The Beautiful Churches of Goa and Kerala

2nd Dec 2014
Photo of The Beautiful Churches of Goa and Kerala 1/10 by Sarah
Basilica of Bom Jesus Altar
Photo of The Beautiful Churches of Goa and Kerala 2/10 by Sarah
Church of St. Francis of Assisi
Photo of The Beautiful Churches of Goa and Kerala 3/10 by Sarah
Malayattoor Church
Photo of The Beautiful Churches of Goa and Kerala 4/10 by Sarah
Parumala Church
Photo of The Beautiful Churches of Goa and Kerala 5/10 by Sarah
Old Parumala Church
Photo of The Beautiful Churches of Goa and Kerala 6/10 by Sarah
Sé Catedral de Santa Catarina
Photo of The Beautiful Churches of Goa and Kerala 7/10 by Sarah
Se Cathedral, Goa
Photo of The Beautiful Churches of Goa and Kerala 8/10 by Sarah
St Cajetan, Goa
Photo of The Beautiful Churches of Goa and Kerala 9/10 by Sarah
St. Anne's Church, Talaulim
Photo of The Beautiful Churches of Goa and Kerala 10/10 by Sarah
Basilica of Bom Jesus

When you think of architecture and India, you don’t really think of churches. But that’s ignoring a significant part of our cultural heritage, and we really should know better. We have some beautiful and significant churches, notable both for how they’re considered pilgrimages and for their architecture, that are definitely worth visiting. So here's a list of churches you should remember to visit the next time you go on a vacation to these popular destinations.

You’re going to Goa sometime soon, right? Everybody’s always either planning a trip to Goa or reminiscing about their last trip to Goa. Next time, take a time out from the beaches and visit these churches, too. If you’re heading off to Kerala, too, you need to write a few churches into your itinerary. If you want to see more churches in India, don’t forget two of the most popular ones dedicated to Mary – Vallarpadam in Kerala, and Velankanni in Tamil Nadu. The latter is particularly well located – you can stop over at Kodaikanal on your way there! They’re both claimed to be responsible for many miracles, too, so it wouldn’t hurt to light a couple of candles. You never know, after all!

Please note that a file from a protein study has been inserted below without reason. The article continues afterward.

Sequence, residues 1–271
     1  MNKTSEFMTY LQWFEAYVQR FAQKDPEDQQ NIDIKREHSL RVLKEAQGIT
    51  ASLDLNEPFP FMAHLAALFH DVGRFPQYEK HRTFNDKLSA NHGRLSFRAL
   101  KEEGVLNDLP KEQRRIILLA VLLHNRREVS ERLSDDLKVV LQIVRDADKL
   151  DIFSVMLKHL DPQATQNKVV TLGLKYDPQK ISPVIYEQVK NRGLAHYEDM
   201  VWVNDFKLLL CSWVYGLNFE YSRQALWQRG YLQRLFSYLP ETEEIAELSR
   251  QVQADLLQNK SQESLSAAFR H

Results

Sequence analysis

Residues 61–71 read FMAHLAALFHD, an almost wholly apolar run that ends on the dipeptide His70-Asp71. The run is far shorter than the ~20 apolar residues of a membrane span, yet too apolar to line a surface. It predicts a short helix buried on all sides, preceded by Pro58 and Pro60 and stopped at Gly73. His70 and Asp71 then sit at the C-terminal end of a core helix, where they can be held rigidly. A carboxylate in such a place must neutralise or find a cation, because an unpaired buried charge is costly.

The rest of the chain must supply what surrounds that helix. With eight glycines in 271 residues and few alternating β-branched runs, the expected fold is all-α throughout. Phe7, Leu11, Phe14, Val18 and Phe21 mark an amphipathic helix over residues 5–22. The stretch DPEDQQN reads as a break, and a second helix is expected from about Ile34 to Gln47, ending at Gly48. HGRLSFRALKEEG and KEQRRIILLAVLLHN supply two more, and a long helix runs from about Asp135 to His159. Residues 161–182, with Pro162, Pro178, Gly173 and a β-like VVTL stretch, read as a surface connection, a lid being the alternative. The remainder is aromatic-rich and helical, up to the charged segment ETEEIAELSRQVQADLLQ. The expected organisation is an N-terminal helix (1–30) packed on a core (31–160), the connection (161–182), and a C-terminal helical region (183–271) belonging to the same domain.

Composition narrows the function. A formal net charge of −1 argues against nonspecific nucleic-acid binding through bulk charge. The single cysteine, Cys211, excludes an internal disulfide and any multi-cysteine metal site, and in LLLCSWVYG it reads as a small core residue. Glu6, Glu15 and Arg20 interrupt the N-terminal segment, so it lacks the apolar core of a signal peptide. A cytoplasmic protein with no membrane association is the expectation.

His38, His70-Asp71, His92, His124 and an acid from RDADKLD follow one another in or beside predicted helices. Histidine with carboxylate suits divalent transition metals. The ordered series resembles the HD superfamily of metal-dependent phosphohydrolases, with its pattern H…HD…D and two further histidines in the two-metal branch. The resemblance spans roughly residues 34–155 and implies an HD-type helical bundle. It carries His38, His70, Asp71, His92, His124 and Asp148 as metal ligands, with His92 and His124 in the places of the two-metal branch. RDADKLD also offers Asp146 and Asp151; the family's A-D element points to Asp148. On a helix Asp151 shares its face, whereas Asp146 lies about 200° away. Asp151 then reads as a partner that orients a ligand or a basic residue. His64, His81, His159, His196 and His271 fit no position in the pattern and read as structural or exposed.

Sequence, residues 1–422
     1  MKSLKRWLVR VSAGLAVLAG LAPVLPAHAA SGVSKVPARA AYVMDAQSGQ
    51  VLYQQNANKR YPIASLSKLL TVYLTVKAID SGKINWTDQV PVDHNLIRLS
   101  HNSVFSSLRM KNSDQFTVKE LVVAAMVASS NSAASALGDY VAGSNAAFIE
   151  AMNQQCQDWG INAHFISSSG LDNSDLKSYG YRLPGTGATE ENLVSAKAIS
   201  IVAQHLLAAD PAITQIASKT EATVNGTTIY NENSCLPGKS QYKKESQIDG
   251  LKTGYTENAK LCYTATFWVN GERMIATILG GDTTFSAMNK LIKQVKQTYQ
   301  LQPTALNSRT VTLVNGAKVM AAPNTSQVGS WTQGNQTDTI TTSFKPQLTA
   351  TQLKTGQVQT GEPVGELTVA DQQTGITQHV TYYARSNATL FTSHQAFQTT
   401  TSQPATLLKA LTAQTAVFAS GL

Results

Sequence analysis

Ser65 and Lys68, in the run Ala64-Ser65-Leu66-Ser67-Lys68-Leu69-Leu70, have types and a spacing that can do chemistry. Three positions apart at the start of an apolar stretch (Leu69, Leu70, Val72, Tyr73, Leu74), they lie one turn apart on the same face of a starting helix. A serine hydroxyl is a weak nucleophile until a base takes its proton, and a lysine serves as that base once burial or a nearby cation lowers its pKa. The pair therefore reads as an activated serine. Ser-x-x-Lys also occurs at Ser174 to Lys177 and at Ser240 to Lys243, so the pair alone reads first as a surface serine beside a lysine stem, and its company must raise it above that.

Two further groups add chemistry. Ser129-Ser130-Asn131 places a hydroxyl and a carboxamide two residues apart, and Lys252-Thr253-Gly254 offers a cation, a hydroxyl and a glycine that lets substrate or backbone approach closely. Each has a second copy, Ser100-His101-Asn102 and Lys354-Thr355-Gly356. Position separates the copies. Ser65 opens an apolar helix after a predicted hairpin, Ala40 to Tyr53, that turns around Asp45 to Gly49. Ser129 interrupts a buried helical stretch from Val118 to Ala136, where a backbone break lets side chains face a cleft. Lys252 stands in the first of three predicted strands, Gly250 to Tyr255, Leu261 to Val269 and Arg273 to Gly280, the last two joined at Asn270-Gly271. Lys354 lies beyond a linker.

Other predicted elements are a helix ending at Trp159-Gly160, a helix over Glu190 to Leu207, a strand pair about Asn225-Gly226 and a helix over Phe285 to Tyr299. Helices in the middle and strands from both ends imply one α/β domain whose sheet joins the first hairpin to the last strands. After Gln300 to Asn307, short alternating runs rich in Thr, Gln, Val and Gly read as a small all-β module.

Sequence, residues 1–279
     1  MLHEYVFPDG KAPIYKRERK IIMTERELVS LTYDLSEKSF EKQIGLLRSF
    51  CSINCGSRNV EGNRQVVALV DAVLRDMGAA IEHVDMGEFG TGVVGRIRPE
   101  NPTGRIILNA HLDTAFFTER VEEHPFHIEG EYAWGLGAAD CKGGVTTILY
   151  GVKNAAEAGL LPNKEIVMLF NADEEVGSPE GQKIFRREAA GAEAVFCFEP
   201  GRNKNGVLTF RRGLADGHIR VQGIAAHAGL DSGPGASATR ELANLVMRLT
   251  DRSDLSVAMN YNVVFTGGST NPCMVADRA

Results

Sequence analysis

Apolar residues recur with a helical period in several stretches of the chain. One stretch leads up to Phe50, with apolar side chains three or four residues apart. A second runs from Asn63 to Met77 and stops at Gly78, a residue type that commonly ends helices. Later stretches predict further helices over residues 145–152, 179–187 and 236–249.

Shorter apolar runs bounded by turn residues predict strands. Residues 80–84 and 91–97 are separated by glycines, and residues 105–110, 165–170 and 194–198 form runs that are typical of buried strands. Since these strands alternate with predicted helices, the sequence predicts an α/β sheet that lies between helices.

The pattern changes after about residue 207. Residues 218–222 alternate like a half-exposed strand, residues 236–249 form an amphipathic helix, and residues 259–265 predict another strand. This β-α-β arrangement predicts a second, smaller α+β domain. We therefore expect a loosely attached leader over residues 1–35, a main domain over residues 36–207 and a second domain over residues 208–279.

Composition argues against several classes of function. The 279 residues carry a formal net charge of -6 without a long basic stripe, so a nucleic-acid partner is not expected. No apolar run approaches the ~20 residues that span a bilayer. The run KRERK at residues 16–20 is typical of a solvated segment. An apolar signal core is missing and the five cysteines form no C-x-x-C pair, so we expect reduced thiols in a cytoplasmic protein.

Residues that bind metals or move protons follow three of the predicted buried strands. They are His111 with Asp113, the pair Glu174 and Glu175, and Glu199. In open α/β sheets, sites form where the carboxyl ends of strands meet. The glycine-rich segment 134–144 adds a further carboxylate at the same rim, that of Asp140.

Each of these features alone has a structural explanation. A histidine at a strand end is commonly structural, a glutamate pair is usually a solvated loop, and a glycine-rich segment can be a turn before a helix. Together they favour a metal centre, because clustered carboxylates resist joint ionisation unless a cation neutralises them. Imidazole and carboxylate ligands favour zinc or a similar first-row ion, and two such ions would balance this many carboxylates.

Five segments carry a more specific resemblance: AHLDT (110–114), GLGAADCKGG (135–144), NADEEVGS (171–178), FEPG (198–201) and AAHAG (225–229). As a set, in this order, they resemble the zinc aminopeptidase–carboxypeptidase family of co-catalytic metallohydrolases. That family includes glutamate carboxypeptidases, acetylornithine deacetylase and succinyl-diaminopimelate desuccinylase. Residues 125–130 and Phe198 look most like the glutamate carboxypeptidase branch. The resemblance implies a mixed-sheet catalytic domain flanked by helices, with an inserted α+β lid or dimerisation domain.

Photo credits:

The Sé de Santa Catarina Cathedral in Old Goa  2 , Basilica of Bom Jesus exerior, altar , Church of St. Francis of Assisi , Church of St. Anne, Talaulim , St. Cajetan , Malayattoor Church , Parumala Church , Old Parulmala Church

This cathedral in Old Goa is the seat of the Patriarch of the East Indies, which makes it quite a big deal. It is dedicated to Saint Catherine of Alexandria, who was one of the Saints who Joan of Arc said appeared to her. If the stories don’t sound that interesting to you, it should impress you that this is one of the largest churches in Asia. The church tower claims a bell that’s so rich in tone that it’s called the Golden Bell. It’s considered one of the finest-sounding church bells in the world.
Photo of Sé Catedral de Santa Catarina, Velha Goa, Goa, India by Sarah
The Basilica is a UNESCO World Heritage site, so as you can imagine, it is impressive. It’s also very holy/creepy, depending on how you look at it – it has the mortal remains of St. Francis Xavier. A public viewing of the body is held every ten years. But apart from this, it’s a beautiful church. The altars are intricately worked, while the rest of the interiors are relatively simple. The floor is also gorgeously marbled. The church is over 400 years old.